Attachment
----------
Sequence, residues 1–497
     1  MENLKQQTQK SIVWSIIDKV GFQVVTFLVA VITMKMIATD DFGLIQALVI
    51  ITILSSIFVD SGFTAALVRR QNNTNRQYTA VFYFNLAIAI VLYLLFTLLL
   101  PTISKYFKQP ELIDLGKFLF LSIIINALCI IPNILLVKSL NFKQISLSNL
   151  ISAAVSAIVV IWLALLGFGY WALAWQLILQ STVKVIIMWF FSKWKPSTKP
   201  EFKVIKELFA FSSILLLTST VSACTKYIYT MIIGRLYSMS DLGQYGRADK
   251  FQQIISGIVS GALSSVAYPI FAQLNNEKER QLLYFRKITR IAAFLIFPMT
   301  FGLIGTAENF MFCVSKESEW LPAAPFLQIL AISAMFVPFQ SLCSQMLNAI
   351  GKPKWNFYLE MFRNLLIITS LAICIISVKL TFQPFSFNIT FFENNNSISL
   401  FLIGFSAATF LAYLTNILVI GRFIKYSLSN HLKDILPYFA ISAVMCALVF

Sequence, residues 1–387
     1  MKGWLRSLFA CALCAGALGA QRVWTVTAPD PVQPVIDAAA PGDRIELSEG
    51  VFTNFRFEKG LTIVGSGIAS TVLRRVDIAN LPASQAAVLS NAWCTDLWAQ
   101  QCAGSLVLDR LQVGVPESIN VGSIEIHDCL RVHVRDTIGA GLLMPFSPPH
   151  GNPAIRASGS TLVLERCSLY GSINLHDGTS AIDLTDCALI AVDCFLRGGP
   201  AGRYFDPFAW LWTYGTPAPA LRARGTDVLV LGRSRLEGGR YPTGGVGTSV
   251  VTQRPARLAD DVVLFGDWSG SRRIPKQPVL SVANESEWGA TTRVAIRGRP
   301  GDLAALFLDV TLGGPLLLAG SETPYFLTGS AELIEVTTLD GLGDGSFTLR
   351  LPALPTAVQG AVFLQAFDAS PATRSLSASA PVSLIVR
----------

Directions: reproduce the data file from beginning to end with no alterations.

Sequence, residues 1–497
     1  MENLKQQTQK SIVWSIIDKV GFQVVTFLVA VITMKMIATD DFGLIQALVI
    51  ITILSSIFVD SGFTAALVRR QNNTNRQYTA VFYFNLAIAI VLYLLFTLLL
   101  PTISKYFKQP ELIDLGKFLF LSIIINALCI IPNILLVKSL NFKQISLSNL
   151  ISAAVSAIVV IWLALLGFGY WALAWQLILQ STVKVIIMWF FSKWKPSTKP
   201  EFKVIKELFA FSSILLLTST VSACTKYIYT MIIGRLYSMS DLGQYGRADK
   251  FQQIISGIVS GALSSVAYPI FAQLNNEKER QLLYFRKITR IAAFLIFPMT
   301  FGLIGTAENF MFCVSKESEW LPAAPFLQIL AISAMFVPFQ SLCSQMLNAI
   351  GKPKWNFYLE MFRNLLIITS LAICIISVKL TFQPFSFNIT FFENNNSISL
   401  FLIGFSAATF LAYLTNILVI GRFIKYSLSN HLKDILPYFA ISAVMCALVF

Sequence, residues 1–387
     1  MKGWLRSLFA CALCAGALGA QRVWTVTAPD PVQPVIDAAA PGDRIELSEG
    51  VFTNFRFEKG LTIVGSGIAS TVLRRVDIAN LPASQAAVLS NAWCTDLWAQ
   101  QCAGSLVLDR LQVGVPESIN VGSIEIHDCL RVHVRDTIGA GLLMPFSPPH
   151  GNPAIRASGS TLVLERCSLY GSINLHDGTS AIDLTDCALI AVDCFLRGGP
   201  AGRYFDPFAW LWTYGTPAPA LRARGTDVLV LGRSRLEGGR YPTGGVGTSV
   251  VTQRPARLAD DVVLFGDWSG SRRIPKQPVL SVANESEWGA TTRVAIRGRP
   301  GDLAALFLDV TLGGPLLLAG SETPYFLTGS AELIEVTTLD GLGDGSFTLR
   351  LPALPTAVQG AVFLQAFDAS PATRSLSASA PVSLIVR